"I'm so sick of this sh*t."

Model Behavior

AI has claimed its latest victim, now that Levi Strauss is apparently going to start outsourcing its model diversity to algorithms.

Last week, Levi Strauss announced that it would be partnering with the artificial intelligence firm Lalaland.ai, which according to a press release is a "digital fashion studio that builds customized AI-generated models" in an effort to — and we promise we're not joking here — increase "the number and diversity of our models for our products in a sustainable way."

Although a company executive promised in the press release that "AI will likely never fully replace human models for us," folks are, unsurprisingly, pretty irked.

"AI generated models huh?" games journalist Jefferey Rousseau tweeted. "I guess all the people of color just don't exist anymore."

Creative workers' rights advocate Thom Binding had even harsher words for the move.

"Levi’s using AI to generate 'more diverse models' instead of, you know, actually hiring more diverse models is exactly the kind of crap you’d expect from this industry," the British union organizer mused. "I’m so sick of this shit and all the tech-mad charlatans enabling these behaviours in their clients."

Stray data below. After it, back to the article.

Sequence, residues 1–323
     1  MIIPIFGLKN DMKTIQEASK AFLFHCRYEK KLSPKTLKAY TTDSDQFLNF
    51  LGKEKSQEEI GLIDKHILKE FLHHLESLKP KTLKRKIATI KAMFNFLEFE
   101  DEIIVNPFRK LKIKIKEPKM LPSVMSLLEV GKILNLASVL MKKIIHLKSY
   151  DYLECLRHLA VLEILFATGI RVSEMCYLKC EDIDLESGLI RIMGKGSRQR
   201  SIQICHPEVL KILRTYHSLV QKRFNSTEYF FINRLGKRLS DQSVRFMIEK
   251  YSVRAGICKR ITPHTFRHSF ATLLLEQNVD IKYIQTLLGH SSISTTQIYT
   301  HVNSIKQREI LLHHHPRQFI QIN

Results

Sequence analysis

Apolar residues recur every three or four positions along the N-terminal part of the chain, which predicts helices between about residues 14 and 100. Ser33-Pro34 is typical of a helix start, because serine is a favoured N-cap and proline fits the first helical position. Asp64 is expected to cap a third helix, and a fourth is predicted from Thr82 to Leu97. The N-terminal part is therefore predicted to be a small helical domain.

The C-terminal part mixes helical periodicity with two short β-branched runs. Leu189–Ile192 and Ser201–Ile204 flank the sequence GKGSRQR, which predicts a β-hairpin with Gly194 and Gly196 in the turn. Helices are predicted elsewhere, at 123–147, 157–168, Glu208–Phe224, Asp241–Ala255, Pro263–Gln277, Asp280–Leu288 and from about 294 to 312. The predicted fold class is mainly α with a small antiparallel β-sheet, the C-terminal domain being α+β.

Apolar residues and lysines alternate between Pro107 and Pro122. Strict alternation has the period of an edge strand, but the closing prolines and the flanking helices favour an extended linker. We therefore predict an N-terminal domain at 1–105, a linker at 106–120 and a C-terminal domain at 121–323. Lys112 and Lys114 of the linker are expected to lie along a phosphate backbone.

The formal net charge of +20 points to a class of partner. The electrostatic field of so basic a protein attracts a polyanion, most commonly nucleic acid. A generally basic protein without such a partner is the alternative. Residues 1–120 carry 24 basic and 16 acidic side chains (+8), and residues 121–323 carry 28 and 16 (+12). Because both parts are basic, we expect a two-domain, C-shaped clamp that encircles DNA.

Pant Hill

As Mashable helpfully points out, this move comes about a year after the company laid off 700 people when cutting 15 percent of its staff, saving the company a reported $100 million, per USA Today's reporting at the time, which also noted that the company had experienced a drop in sales during the COVID-19 pandemic.

While we neither know how much Levi's deal with Lalaland.ai is nor whether it would be anywhere close to $100 million, it nevertheless feels very sketchy that the company would rather invest in fake diversity than the real thing after doing layoffs for reported financial reasons.

Tackling Levi's purported commitment to diversity, equity, and inclusion (DEI), branding expert Lisa Barone pointed out the irony in a pitch-perfect post.

"DEI is a top priority and we believe our models should reflect consumers," Barone tweeted. "So, instead of creating real opportunities for marginalized communities, we will use AI to feature people who don't exist."

"This ain't it," she added — and we've gotta say, go off.

More on AI madness: That Viral Image of the Swagged-Out Pope is an AI Fake, Dummies

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